Mass surveillance/Technology

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Technologies of mass surveillance have been proliferating increasingly quickly since 9/11. A major driver has been the large (and often unaccountable) budgets associated with the "war on terror". Another factor is the 'critical mass' of technologies combined with increased facility of communication offered by the internet.

“The reach of these technologies is astonishingly broad: governments can listen in on cell phone calls, use voice recognition to scan mobile networks, read emails and text messages, censor web pages, track a citizen’s every movement using GPS, and can even change email contents while en route to a recipient. Some tools are installed using the same type of malicious malware and spyware used by online criminals to steal credit card and banking information. They can secretly turn on webcams built into personal laptops and microphones in cell phones not being used. And all of this information is filtered and organized on such a massive scale that it can be used to spy on every person in an entire country.”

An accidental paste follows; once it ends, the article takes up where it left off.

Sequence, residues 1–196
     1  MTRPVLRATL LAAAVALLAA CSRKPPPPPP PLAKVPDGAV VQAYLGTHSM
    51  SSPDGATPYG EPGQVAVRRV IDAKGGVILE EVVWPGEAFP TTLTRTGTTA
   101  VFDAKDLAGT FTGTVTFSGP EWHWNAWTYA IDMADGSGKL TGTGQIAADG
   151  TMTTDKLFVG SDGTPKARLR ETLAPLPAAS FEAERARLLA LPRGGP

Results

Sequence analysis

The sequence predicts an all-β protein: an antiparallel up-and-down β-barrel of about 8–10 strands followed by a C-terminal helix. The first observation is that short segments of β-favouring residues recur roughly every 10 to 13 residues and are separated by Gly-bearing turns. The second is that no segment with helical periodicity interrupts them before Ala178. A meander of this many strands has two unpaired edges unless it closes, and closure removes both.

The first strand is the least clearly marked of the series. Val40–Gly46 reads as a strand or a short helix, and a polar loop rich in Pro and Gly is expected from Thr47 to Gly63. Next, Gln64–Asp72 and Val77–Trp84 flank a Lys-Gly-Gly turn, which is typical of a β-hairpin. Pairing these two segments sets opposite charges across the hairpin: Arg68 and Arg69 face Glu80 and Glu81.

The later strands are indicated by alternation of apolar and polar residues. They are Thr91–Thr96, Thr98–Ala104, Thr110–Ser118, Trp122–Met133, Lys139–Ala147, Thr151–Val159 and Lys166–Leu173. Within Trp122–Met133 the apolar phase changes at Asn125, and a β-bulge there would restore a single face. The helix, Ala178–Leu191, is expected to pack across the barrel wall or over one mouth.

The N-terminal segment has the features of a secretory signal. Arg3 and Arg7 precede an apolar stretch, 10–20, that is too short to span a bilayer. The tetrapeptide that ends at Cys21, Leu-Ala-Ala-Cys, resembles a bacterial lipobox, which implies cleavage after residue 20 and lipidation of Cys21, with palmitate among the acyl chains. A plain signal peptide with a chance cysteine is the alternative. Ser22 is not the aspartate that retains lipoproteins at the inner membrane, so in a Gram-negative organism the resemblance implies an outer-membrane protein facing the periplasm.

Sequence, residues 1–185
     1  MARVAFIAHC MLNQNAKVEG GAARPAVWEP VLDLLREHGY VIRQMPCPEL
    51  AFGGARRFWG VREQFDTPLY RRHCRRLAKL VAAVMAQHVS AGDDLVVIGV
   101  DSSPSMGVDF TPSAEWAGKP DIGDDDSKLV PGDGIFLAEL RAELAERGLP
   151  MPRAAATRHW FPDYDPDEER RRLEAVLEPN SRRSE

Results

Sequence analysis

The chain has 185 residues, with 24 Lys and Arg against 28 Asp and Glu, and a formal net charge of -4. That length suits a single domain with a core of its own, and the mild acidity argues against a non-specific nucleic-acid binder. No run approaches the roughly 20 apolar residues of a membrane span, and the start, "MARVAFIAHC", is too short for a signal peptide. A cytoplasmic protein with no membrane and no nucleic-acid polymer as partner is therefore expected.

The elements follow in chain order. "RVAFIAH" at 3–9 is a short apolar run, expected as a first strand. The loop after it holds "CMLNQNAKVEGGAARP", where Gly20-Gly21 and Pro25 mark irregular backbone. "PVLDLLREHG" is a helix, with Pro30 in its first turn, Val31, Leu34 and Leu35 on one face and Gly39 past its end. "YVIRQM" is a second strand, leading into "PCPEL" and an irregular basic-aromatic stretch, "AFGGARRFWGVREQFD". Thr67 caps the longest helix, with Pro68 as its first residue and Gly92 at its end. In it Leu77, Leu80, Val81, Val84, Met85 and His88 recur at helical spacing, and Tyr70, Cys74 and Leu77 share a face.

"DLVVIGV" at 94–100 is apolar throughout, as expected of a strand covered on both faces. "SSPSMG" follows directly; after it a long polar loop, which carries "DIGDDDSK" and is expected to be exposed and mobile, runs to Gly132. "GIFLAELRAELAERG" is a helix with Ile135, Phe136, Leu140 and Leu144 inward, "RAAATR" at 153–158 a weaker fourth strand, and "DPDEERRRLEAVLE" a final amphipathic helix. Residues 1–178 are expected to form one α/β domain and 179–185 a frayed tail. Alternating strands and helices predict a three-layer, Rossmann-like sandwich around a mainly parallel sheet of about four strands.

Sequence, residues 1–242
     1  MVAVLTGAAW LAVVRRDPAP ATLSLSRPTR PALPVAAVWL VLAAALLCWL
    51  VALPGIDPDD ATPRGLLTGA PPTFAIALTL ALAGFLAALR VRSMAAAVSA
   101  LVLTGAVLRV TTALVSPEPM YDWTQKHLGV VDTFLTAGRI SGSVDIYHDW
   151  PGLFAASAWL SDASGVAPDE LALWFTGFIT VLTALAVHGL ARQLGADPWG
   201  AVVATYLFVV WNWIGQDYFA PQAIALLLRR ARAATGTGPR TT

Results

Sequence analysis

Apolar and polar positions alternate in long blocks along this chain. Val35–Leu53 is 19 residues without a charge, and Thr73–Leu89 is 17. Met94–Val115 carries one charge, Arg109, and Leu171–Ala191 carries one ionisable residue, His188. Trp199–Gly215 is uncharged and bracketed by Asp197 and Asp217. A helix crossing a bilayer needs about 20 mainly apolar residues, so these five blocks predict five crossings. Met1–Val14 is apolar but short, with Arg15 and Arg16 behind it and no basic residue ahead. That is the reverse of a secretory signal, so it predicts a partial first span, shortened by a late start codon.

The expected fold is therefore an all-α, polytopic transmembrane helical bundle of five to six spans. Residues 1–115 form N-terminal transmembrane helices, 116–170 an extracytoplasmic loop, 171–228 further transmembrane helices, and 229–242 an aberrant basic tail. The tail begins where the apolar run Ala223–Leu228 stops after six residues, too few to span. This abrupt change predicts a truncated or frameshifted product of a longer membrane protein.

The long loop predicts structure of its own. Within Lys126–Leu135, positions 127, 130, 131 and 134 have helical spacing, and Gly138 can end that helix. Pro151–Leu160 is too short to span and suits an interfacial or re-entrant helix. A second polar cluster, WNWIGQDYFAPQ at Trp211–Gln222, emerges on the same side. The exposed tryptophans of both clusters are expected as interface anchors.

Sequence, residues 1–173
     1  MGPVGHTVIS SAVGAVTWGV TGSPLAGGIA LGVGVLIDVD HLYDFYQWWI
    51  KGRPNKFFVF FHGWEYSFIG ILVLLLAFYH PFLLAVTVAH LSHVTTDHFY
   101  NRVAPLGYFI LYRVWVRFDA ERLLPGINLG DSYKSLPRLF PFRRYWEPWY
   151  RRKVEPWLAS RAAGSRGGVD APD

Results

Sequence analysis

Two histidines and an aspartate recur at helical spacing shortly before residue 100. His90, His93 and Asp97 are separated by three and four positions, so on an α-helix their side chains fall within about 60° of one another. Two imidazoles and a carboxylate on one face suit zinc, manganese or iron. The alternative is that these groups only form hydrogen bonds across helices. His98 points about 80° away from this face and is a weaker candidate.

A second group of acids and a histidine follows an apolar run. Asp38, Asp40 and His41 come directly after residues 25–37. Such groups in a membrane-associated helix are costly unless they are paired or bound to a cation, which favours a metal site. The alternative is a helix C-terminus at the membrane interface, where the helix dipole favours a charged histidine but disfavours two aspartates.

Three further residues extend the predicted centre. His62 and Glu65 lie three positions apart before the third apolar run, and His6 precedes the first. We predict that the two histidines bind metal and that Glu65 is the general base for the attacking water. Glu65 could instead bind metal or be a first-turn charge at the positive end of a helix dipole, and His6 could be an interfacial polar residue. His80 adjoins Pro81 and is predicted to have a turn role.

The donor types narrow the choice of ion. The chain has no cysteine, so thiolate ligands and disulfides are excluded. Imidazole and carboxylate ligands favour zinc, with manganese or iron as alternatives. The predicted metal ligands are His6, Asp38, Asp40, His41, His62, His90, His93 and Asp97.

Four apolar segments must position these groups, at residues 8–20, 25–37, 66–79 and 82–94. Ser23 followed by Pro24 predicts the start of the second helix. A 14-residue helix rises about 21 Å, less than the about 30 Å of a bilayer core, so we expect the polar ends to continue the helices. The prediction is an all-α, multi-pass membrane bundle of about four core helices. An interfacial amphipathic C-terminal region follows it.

(2017)  [1]

Legal status

BAE has secretly sold mass surveillance technology to Middle Eastern governments criticised for repressing their populations.[2] Traditional concerns about civil liberties are de facto more or less irrelevant to a commercial environment such as the US in which post-hoc sweeping immunity from prosecution is no longer an exceptional event. In 2013 Frank La Rue, U.N. special envoy on free expression, expressed major concerns about new surveillance tools designed to “track and record Internet and telephone communications on a national scale.”[3]

Physical surveillance


One of the 18 structures that popped up in New York, at a reported cost of $100M, containing an unknown array of DoHS equipment

In New York, the Metropolitan Transportation Authority began building a set of 18 metal towers at the ends of tunnels and bridges. MTA chairman Joe Lhota said the towers included "fiber optics necessary for those Homeland Security items" but declined to elaborate further.[4] In San Diego, streetlights are being equipped with video cameras, microphones and other sensors.[5]

X-Ray Vans

The Z Backscatter Van can scan while driving alongside a line of vehicles or while parked as they pass by. (American Science and Engineering Inc.)